I believe that most libertarians today believe that there should be some sort of overall social structure which governs how we act, and that without it chaos would ensue (look at what happened in New Orleans immediately after Katrina). However, you have to tread carefully, as the further you move from the core libertarian views, the closer you get to the core liberal philosophy where the government does everything, and every problem is solved with a tax.

    On a similar note, am I the only atheist who doesn’t get offended by people (yes, even the government) using the word “Christmas”? I have to agree with you to the extent that some libertarians get a little too wound up on what words or symbols are used in public speeches and displays. Yes, there are clear exceptions (such as racial slurs or swastikas, etc…) that just about everyone save those in prisons or mental institutions would take offense to. They seem to think that if Obama calls the big decorated tree in Washington a “Christmas tree” then it offends too many people. It’s just the name of a holiday and there is no need for anyone to get all up in arms over (or even think about!) it’s etymology. It is a Federal holiday and is observed throughout the country, so why call it just a mere “holiday,”…you do not have to be Christian to refer to this as what it is: Christmas. The word Christmas is already so embedded in public discourse that most people instead have to actually TRY to use the word “holiday.” I say, who gives a damn which word they use. This is why that, even as a hard-core atheist, I will have nothing to do with Atheist Aliance. They simply get all up in arms over things like this! Allowing something (such as mere symbolism) in a public sphere AND forcing people to believe in, enjoy or even take heed in some meaning in that symbolism are TWO ENTIRELY DIFFERENT THINGS. If this makes me only a quasi-atheist (like vegetarians who eat fish) then so be it!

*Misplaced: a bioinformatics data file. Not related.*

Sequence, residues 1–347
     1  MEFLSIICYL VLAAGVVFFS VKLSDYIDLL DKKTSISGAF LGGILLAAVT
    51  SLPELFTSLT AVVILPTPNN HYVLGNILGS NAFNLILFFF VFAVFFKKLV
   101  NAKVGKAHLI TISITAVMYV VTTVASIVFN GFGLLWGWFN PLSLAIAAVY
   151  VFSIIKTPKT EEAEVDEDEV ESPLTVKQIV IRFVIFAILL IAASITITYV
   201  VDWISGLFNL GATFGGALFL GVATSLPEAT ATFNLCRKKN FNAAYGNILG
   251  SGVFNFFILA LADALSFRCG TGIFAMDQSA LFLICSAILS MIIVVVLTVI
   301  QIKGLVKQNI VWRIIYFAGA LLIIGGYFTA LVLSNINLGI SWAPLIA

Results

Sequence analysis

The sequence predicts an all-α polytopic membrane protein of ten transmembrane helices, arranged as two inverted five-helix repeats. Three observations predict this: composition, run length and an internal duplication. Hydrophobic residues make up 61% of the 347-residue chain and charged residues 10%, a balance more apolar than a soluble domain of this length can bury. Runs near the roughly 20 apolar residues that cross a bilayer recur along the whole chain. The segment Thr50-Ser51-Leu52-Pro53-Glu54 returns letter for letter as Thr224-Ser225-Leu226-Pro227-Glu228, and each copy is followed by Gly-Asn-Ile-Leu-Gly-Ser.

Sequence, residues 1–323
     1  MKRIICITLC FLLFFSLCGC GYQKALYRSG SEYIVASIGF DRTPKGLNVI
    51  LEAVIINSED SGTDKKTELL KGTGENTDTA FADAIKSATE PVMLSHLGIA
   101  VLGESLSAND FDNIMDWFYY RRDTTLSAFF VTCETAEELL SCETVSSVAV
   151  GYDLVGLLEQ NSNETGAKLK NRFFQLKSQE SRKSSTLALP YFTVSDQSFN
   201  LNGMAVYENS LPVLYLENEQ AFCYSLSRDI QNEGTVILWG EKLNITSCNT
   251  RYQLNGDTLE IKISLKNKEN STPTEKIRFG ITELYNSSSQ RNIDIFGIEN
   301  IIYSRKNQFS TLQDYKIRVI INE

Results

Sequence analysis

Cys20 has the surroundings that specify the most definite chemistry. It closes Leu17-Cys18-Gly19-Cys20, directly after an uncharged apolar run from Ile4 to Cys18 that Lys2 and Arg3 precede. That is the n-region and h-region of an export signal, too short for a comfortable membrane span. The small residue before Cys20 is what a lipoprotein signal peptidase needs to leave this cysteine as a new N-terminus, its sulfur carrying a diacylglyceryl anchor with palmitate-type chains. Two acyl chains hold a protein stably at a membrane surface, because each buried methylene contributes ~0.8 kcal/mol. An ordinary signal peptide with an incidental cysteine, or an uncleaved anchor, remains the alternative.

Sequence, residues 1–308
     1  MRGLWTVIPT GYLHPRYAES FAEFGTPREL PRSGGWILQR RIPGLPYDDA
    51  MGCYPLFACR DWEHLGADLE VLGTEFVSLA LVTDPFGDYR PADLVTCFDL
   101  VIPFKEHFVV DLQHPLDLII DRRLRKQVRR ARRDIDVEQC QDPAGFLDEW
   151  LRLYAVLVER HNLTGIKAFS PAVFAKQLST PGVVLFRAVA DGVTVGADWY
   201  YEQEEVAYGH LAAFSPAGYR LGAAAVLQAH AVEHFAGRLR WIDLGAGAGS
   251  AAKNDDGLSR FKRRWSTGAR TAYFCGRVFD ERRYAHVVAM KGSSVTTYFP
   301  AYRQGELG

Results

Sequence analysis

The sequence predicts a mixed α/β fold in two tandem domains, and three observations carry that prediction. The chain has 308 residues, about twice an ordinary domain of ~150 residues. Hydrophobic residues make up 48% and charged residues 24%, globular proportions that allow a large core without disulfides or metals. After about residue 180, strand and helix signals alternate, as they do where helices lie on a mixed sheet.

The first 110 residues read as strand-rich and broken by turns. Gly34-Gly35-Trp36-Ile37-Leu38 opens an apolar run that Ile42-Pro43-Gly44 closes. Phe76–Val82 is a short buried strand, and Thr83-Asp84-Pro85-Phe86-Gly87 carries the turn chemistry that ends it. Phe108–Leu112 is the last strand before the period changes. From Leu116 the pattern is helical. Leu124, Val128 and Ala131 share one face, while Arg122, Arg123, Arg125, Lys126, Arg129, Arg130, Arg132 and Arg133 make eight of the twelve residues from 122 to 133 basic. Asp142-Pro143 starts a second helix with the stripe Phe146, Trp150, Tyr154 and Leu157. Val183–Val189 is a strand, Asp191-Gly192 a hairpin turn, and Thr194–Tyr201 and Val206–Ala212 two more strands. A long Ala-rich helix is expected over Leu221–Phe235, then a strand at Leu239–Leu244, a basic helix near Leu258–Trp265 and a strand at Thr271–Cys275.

• John · December 1, 2011 at 2:51 am

    “am I the only atheist who doesn’t get offended by people (yes, even the government) using the word ‘Christmas’”

    No, not the only one. I’m an atheist, and I say “Christmas” because I don’t believe in changing history. The fact is that we celebrate the holiday at this time of year because that is the time of the celebration of Jesus’ birth. I love saying “Merry Christmas” instead of “Happy Holidays”. It feels subversive now; like I’m sticking it to the PC crowd.

    Yeah, and I use BC and AD too. What the hell is the “common era”?

  • RandyB · December 1, 2011 at 4:19 pm

    A libertarian is someone who believes you have the absolute right to drive drunk, up to the point you kill a pedestrian.